This Week in RPR Ethics (9/28/23) – Ozempic, Codes of Ethics and A Right to PR Counsel?

This week in PR Ethics the issues ran the gamut from undisclosed promotions to agencies deciding with whom they should work and the importance of PR Codes of Ethics:

  • The undisclosed promotions of Ozempic – Ozempic is everywhere – but this blogger highlights how some of the promotions are not disclosing conflicts of interest and paid relationships. If money is involved, or knowing you are sponsored could impact someone’s trust of your recommendation – disclose, disclose, disclose!
  • The importance of Codes of Ethics – PRSA’s 2023 National Chair, Michelle Egan highlights the importance of codes of ethics in this PR News article. One data point I hadn’t seen before – nearly 40% of Gen Z and Millennials have rejected work assignments due to ethics concerns.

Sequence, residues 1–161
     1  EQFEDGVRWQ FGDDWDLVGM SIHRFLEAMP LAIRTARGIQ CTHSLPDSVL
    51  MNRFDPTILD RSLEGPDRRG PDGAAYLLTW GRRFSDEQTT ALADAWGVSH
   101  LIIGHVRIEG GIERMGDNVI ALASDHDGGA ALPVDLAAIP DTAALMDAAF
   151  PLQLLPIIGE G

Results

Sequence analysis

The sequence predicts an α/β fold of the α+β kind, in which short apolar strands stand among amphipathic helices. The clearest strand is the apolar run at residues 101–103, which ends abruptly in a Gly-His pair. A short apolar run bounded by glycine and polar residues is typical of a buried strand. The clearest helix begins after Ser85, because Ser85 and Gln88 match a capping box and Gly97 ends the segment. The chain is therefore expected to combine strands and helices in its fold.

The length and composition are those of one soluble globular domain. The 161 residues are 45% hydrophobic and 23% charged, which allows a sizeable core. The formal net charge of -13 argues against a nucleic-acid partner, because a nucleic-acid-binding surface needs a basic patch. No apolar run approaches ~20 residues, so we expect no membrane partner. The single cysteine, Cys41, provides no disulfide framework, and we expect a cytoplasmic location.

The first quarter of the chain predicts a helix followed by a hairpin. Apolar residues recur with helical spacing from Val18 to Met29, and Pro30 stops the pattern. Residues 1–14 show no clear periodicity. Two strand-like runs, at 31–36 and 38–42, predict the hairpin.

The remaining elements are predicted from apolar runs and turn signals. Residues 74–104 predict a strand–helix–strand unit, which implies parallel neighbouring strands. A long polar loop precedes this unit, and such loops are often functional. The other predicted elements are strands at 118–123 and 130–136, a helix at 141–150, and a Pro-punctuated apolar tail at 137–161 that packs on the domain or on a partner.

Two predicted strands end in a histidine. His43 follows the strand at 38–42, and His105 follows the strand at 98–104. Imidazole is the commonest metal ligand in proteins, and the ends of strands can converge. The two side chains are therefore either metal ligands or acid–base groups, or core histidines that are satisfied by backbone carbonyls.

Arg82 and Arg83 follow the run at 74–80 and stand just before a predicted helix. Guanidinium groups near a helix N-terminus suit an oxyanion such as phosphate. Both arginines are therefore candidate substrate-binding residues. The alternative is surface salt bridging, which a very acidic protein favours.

• Does everyone have the right to PR counsel? In my opinion the answer is yes, *and* it doesn’t have to be you. PR Week has two great examples of this – with one of Russel Brand’s agencies walking away, and three agencies joining the Creatives for Climate
  • The ethics of AI Bossware – I enjoyed this article. It discusses both how much can employers monitor what employees are doing – as well as how some AI-powered efficiency monitoring tools may be making employees less productive.
Mark McClennan, APR, Fellow PRSA
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Mark W. McClennan, APR, Fellow PRSA, is the general manager of C+C's Boston office. C+C is a communications agency all about the good and purpose-driven brands. He has more than 20 years of tech and fintech agency experience, served as the 2016 National Chair of PRSA, drove the creation of the PRSA Ethics App and is the host of


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